Charles Doe

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Doe, Charles

(1830–96) jurist; born in Derry, N.H. The son of a well-to-do landowner, he graduated from Dartmouth College (1849) and was admitted to the New Hampshire bar in 1854. He built a thriving law practice in Dover, N.H., and became active in Democratic politics, but converted to Republicanism as the secession crisis boiled over in the late 1850s. As an efficient, reforming associate justice of the New Hampshire Supreme Court (1859–74), the hardworking Doe—he boasted that he had read but one novel in his life—saw his reputation rest on innovative rulings on judicial procedure rather than on interpretations of law. An insomniac and an eccentric who craved fresh air, he habitually ordered all the windows of his courtroom raised, even on the coldest days. In 1876, after a politically inspired court reorganization, he became the state's chief justice.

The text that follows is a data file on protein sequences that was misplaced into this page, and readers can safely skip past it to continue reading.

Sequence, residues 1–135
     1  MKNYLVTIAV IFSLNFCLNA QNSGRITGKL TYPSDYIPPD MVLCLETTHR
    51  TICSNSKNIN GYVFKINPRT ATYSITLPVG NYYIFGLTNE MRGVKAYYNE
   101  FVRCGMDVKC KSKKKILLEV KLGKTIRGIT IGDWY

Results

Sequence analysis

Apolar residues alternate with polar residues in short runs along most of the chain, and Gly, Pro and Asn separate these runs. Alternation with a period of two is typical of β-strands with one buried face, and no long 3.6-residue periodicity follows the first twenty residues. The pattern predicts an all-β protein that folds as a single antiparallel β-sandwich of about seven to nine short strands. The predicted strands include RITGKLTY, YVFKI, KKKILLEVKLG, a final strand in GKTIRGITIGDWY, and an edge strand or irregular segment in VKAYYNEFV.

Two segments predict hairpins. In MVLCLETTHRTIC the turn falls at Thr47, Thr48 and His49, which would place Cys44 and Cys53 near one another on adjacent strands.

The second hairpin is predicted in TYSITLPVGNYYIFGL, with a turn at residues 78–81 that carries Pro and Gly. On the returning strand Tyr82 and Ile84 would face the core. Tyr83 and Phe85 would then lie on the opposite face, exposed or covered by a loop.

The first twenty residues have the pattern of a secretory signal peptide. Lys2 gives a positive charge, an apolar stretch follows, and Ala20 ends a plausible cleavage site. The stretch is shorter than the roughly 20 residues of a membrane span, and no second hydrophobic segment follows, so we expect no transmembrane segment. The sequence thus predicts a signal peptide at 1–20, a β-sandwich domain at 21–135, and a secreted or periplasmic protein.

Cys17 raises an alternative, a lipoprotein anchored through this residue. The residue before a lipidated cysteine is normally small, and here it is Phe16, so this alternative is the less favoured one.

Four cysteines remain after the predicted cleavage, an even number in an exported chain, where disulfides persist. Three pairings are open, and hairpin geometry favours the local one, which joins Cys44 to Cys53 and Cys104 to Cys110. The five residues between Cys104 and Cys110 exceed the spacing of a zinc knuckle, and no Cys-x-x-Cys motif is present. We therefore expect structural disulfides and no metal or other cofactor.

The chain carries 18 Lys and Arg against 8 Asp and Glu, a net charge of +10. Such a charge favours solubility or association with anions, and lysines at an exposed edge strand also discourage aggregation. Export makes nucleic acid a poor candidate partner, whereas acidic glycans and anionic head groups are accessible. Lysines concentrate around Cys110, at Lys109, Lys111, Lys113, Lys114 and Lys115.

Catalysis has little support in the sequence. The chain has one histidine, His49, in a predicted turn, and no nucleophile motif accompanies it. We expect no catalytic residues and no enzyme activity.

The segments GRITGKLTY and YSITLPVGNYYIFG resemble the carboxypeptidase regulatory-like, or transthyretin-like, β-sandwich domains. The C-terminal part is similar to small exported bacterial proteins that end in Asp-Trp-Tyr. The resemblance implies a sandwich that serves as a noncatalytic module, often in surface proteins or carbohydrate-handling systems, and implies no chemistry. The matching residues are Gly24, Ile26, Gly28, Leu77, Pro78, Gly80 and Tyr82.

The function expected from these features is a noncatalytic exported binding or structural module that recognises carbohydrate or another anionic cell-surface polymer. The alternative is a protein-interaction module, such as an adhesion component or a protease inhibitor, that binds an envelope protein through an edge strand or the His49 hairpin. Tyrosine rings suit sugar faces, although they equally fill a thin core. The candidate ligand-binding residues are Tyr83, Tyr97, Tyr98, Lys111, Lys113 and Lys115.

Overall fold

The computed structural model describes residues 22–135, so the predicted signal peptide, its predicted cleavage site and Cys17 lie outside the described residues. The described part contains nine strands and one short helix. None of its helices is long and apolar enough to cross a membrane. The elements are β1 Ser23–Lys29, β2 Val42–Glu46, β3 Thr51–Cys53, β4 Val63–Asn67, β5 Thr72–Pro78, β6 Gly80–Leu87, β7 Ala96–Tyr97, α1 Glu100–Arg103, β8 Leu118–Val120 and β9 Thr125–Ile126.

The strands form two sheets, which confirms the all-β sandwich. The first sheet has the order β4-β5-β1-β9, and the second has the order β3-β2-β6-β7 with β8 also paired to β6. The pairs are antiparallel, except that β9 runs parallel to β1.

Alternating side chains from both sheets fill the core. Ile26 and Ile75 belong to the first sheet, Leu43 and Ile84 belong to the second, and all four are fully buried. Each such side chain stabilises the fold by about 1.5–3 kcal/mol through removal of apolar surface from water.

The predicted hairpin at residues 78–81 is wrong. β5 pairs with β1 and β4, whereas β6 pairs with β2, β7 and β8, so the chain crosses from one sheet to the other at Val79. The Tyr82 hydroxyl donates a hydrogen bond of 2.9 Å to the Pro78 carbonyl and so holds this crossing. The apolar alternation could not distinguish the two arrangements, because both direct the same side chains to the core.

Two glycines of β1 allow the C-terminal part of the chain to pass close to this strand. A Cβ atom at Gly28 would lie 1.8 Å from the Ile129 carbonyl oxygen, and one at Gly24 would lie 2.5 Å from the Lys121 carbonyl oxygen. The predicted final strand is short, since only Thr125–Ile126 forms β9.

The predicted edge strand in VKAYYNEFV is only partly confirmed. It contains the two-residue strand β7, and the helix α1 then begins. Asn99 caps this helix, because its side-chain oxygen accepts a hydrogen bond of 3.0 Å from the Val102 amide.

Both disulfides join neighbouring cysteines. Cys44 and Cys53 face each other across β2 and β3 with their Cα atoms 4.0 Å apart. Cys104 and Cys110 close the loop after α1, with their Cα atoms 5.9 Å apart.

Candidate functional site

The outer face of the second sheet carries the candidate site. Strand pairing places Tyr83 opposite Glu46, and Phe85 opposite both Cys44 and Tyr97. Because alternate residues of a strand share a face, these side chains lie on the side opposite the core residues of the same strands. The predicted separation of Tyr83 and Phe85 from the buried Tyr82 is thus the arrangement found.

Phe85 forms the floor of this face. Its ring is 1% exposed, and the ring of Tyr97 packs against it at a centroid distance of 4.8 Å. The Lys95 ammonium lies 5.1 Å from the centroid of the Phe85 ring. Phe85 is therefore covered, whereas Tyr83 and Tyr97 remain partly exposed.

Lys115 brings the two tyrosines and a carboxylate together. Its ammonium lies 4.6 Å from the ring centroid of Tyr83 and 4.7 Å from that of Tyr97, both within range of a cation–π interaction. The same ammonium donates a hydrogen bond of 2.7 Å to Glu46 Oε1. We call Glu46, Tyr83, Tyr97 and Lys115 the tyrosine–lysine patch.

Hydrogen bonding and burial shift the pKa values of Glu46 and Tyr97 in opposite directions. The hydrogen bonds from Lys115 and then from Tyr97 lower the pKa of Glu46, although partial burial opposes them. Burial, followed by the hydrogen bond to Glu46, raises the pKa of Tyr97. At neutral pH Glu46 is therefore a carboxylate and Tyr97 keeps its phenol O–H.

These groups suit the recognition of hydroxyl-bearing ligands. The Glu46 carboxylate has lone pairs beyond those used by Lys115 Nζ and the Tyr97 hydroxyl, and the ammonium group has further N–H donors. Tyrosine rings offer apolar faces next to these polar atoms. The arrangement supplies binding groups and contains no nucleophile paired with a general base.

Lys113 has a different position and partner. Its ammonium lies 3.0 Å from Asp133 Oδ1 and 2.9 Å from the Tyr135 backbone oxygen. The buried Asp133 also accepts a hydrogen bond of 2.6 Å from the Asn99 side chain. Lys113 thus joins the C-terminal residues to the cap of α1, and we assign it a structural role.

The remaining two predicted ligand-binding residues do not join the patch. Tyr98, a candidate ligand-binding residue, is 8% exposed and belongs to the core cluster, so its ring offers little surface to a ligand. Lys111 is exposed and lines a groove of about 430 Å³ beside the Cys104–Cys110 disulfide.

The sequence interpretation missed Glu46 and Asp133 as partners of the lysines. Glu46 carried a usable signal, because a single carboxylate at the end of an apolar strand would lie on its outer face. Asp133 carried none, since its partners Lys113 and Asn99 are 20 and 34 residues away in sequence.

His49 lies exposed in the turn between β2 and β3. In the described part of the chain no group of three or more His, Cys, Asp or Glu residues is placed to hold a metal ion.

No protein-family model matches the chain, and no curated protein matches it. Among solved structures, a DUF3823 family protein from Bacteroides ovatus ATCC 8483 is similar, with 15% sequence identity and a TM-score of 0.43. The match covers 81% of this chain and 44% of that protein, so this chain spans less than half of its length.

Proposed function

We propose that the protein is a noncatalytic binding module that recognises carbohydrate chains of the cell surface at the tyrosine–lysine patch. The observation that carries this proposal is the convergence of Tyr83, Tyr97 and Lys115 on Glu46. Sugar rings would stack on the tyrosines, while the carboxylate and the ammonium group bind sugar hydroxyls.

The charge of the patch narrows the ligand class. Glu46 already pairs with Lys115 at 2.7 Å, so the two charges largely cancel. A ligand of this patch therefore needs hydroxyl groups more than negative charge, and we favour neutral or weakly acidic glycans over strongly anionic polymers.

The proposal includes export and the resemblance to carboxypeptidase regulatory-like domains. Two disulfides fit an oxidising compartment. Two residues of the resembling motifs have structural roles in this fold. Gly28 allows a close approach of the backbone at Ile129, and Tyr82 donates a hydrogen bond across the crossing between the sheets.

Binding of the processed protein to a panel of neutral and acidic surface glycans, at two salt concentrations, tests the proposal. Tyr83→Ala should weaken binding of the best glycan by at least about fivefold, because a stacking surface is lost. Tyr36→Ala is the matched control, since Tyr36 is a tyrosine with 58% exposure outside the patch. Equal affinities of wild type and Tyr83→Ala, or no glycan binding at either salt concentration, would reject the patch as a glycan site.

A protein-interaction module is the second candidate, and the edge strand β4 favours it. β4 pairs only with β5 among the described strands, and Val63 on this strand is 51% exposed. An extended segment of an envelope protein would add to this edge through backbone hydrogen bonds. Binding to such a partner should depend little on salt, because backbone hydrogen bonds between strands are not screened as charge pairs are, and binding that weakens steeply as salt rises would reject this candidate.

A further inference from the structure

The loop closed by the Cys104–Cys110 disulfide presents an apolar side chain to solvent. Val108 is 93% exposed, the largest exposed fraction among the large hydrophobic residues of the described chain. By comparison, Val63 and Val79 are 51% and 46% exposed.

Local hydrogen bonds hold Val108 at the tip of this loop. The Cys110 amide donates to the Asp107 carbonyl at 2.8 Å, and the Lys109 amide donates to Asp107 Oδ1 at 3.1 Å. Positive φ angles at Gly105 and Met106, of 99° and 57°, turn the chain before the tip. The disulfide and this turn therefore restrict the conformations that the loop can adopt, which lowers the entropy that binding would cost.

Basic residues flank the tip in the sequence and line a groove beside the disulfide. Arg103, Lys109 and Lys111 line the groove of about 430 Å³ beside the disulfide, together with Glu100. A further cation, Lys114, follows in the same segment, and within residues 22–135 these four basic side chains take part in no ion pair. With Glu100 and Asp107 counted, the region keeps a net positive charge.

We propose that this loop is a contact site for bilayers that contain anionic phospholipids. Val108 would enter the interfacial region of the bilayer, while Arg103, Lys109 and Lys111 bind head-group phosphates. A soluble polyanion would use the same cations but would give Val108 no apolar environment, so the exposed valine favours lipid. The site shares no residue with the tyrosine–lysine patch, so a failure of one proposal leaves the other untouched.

The Cambridge Dictionary of American Biography, by John S. Bowman. Copyright © Cambridge University Press 1995. Reproduced with permission.
References in periodicals archive ?
Later, Associate Justice Joseph P Nadeau, appointed in March, discussed the public responsibilities that lawyers assume as "officers of the court." He quoted from a decision authored by Chief Justice Charles Doe that enabled Marilla Ricker to become the first woman allowed to practice law in New Hampshire in 1890.
In 1692 ten (perhaps twelve) further works were edited from Bunyan's manuscripts and published by Charles Doe in what was advertised as the first volume of Bunyan's Works (volume II did not appear until the second edition of the Works in 17367).